Sacramento New Technology High School students work in teams to support a candidate or a proposition during the 2008 presidential election.
Credit: Courtesy of Cody Groat
Staring intently at a computer screen in their Political Studies class, a combination English, economics, and government course at Sacramento New Technology High School, in Sacramento, California, seniors Nancy Vue, Sparkle Shamburger, and Christian Govea scroll through a "project charter." Teachers and students jointly created this document, or one similar to it, which forms a contract among students for every project at this school and at New Technology Foundation schools around the country.
The document describes the next assignment they'll be tackling as a group: in this instance, creating a newsletter about the current economic crisis. The page details everything -- from the project's objective to the deliverables to the expectations that the group members have for one another.
At Sacramento New Tech, as well as the other 42 mostly public schools in the network, educators teach the entire curriculum through project learning, and every project uses a similar document -- not only as one of the starting points for each unit but also as a tool for creating accountability and managing group dynamics. And although the structure of the project charter or its equivalent is always the same, the contents are specific to the project.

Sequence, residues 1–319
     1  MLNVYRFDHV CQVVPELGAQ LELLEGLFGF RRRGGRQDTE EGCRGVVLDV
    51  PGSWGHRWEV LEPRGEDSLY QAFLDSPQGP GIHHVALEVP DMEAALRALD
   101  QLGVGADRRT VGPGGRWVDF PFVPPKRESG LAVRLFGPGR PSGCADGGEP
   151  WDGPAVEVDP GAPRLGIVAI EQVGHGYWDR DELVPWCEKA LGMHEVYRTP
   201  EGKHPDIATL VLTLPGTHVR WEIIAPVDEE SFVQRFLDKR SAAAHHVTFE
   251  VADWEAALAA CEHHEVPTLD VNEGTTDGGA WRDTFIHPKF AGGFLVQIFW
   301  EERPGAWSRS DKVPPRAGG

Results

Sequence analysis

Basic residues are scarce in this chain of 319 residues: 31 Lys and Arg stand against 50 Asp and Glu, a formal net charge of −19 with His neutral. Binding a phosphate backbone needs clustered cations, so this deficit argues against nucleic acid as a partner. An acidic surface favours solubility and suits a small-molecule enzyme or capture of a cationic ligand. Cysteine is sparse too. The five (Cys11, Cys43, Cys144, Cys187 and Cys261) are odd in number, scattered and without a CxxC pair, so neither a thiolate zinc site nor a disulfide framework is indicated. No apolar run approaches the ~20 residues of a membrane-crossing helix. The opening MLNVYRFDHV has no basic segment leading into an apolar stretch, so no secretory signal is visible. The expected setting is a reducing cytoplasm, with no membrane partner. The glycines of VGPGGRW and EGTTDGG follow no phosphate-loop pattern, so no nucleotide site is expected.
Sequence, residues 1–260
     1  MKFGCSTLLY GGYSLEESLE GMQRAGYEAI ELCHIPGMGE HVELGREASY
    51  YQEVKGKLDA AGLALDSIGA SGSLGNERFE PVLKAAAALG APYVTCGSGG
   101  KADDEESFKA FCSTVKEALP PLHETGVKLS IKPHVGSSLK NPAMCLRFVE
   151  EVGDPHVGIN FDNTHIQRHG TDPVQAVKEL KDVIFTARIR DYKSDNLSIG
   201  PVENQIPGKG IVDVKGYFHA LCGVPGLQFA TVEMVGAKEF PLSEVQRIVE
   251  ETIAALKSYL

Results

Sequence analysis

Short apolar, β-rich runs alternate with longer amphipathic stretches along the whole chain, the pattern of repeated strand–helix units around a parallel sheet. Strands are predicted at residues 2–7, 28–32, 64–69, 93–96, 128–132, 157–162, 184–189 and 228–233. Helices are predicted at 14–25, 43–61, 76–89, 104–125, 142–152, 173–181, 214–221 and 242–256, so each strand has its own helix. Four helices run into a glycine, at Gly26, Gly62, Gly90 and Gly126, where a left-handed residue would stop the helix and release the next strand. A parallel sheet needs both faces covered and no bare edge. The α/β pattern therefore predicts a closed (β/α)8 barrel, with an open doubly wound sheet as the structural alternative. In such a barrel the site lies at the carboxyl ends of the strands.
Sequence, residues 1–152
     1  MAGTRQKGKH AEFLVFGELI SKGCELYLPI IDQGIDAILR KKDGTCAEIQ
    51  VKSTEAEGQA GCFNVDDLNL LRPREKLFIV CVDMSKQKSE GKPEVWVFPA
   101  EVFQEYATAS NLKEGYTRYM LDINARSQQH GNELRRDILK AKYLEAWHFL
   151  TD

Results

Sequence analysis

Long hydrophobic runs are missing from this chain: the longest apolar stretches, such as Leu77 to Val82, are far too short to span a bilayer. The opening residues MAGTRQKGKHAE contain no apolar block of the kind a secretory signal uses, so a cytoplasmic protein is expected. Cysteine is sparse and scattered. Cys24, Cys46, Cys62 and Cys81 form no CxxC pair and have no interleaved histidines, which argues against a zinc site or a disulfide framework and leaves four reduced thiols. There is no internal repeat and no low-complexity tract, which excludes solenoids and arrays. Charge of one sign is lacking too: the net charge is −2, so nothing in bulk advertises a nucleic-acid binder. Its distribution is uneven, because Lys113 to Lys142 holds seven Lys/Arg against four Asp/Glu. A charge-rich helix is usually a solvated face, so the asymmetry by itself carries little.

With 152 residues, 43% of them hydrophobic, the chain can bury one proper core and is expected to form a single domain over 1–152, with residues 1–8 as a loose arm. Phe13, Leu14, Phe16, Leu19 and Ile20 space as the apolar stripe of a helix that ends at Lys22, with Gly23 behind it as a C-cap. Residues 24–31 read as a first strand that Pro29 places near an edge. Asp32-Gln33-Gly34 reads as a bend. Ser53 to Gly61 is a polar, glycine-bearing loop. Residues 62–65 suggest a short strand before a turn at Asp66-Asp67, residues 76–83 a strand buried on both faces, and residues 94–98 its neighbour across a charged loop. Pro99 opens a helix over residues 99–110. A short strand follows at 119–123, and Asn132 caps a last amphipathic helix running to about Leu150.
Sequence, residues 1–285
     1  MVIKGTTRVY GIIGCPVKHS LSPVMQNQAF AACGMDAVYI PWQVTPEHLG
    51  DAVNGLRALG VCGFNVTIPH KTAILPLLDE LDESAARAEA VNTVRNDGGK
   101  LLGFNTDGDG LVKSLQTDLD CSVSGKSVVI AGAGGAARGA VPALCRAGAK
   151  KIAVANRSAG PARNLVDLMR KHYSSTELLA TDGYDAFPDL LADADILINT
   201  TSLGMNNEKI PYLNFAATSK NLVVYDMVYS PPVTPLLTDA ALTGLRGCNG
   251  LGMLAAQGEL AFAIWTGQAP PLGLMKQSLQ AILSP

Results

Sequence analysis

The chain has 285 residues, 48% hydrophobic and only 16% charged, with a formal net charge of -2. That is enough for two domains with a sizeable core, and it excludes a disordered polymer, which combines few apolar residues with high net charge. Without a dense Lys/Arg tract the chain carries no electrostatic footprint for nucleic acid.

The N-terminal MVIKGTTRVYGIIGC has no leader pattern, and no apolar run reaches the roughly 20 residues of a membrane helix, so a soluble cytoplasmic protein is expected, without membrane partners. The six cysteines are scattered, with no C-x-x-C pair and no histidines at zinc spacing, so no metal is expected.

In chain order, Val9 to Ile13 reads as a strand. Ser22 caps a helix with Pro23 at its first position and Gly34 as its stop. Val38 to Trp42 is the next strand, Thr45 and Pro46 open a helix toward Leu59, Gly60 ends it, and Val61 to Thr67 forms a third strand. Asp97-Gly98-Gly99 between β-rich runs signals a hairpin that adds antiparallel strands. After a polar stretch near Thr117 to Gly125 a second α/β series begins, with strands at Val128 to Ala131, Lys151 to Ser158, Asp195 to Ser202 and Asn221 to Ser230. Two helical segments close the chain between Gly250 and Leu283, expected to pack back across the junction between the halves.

"We print it out and sign it to make sure everyone agrees," Vue says of the charter. "If someone doesn't do her work, we can say, 'You signed the contract.'" (Eventually, both the teacher and team members grade all the students on their collaboration skills. As a last resort, the group can decide to "fire" one of the team members, who must then complete the project independently.)
Starting with the Teachers
Getting students to work cooperatively in groups isn't always an easy task -- particularly when they aren't used to it and when they have concerns about how they'll be graded as a group rather than as individuals. Michael McDowell, who trains teachers on managing group dynamics through the New Technology Foundation, a ten-year-old nonprofit organization that helps communities replicate the New Tech model nationwide, says teamwork is one of the greatest challenges project-learning teachers face.
"We've heard several times over the past few years that nothing is more cognitively and physically taxing in the project-learning environment than managing student work groups," McDowell writes in "Leading Student Work Groups in the 21st Century," an in-progress article that discusses the tools, best practices, and scholarly strategies for student work groups in the project-learning environment. What's more, according to a survey of 266 teachers McDowell conducted, more than half had less than two days of training on managing work groups.